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Next stop: water on tap

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Lisa Song | Apr 20, 2010 05:26 PM

This weekend, thousands of Navajos will pile their trucks with 55-gallon drums and drive to the nearest watering station. If they're lucky, the lines will be short, the coin-operated water pipes will work, and they'll return home with enough to drink, wash and cook for another week.

Hauling water is a common chore in the southern Navajo Nation, where many residents must drive long distances (up to 100 miles round-trip) to fill up their containers. The region is infamously dry: groundwater aquifers are deep, hard-to-reach and depleted faster than they can be replenished. The water, when it comes, is often salty. And until 2004 -- when the Navajo Nation won a settlement for 326,000 acre-feet from the San Juan River -- the Navajos had little access to surface water. (For detailed coverage of the battle over Navajo water rights, read Matt Jenkins' 2008 story "Seeking the Water Jackpot").

For some Navajos, the wait for running water is almost over. Last Monday marked the dedication ceremony for the Eastern Navajo Waterline, which will pipe groundwater from northern areas of the New Mexico half of the Nation (near Nageezi) to the water-starved southern part (around Pueblo Pintado).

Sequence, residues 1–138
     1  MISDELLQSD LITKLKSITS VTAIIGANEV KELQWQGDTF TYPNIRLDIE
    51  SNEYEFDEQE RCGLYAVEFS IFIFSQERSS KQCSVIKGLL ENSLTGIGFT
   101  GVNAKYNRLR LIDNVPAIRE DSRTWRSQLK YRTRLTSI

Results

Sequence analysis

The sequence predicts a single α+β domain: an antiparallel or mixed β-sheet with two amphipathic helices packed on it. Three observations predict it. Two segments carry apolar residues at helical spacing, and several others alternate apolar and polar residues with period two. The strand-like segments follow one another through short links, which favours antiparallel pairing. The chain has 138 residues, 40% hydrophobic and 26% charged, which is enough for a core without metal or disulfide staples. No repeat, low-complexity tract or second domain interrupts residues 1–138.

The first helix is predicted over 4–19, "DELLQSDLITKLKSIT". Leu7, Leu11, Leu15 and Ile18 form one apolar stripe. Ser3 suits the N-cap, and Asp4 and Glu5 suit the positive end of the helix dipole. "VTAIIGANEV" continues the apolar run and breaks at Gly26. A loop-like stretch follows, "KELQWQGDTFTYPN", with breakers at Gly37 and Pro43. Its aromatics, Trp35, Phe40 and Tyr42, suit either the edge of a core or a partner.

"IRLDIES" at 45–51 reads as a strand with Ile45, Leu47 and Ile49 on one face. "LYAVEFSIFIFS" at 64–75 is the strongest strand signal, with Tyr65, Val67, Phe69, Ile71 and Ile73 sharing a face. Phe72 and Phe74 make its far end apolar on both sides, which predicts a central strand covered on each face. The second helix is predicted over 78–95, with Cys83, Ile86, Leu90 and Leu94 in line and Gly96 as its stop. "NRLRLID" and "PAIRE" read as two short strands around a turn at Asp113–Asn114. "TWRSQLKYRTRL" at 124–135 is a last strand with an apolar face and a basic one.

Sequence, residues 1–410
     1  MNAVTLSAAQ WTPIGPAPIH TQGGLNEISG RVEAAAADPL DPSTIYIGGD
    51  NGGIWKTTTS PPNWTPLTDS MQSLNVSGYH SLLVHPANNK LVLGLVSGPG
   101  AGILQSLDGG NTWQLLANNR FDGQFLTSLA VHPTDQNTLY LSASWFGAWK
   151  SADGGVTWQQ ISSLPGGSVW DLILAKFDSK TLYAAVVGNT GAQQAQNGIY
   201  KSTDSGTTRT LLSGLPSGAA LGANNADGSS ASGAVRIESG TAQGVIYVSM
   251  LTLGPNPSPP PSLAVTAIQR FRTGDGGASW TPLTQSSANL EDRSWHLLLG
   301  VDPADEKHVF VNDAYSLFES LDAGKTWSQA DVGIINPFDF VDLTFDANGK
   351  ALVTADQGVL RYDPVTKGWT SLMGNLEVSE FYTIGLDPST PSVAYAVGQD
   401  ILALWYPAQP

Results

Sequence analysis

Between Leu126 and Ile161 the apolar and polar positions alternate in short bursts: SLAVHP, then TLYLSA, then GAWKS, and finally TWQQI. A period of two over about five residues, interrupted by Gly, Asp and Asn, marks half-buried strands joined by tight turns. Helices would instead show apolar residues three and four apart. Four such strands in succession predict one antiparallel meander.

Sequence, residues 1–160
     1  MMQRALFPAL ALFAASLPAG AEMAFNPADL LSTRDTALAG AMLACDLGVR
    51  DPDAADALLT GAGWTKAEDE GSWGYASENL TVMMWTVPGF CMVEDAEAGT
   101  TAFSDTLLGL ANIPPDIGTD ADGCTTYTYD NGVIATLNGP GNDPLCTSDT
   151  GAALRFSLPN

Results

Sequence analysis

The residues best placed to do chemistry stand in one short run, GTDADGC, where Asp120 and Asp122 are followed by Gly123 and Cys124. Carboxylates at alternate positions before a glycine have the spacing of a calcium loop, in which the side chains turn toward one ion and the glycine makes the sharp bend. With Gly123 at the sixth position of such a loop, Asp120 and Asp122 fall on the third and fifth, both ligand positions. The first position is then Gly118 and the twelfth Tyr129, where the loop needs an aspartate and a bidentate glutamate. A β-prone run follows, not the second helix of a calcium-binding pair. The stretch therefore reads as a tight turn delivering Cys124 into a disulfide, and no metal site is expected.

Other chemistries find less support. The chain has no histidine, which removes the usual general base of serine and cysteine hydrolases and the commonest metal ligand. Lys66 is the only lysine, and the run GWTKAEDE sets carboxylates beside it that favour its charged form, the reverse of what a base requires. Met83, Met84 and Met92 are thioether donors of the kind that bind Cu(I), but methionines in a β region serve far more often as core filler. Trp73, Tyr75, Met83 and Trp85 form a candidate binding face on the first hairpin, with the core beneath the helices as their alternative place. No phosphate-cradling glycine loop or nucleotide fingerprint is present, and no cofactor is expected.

Navajo Nation map

Map of the Navajo Nation, courtesy The Bureau of Indian Affairs.

Once construction completes in 2012, an estimated 6,000 residents will have water on tap in their homes. An additional 4,000 residents live widely scattered across the region and don't have the plumbing in place to connect to the pipeline — they may be served by new water stations that are more centrally located.

The redistribution of groundwater is just an interim measure. The Eastern Navajo Waterline is part of the much larger $870 million Navajo-Gallup Water Project, authorized by President Obama in the Omnibus Public Lands Management Act of 2009 (see this HCN blog post from March 2009). By the time it's completed in 2022, the pipeline will bring water from the San Juan River and Cutter Reservoir (20 miles east of Bloomfield, NM) south to Gallup, NM.

It's uncertain just when the Eastern Navajo Waterline will be connected to the main Navajo-Gallup line, but one thing is for sure: water means liveability and economic development. Jason John, Principal Hydrologist with the Navajo Nation's Water Management Branch hopes the switch to surface water will encourage more Navajos to move into the reservation. By 2040, the completed pipeline will serve an estimated 200,000 residents.

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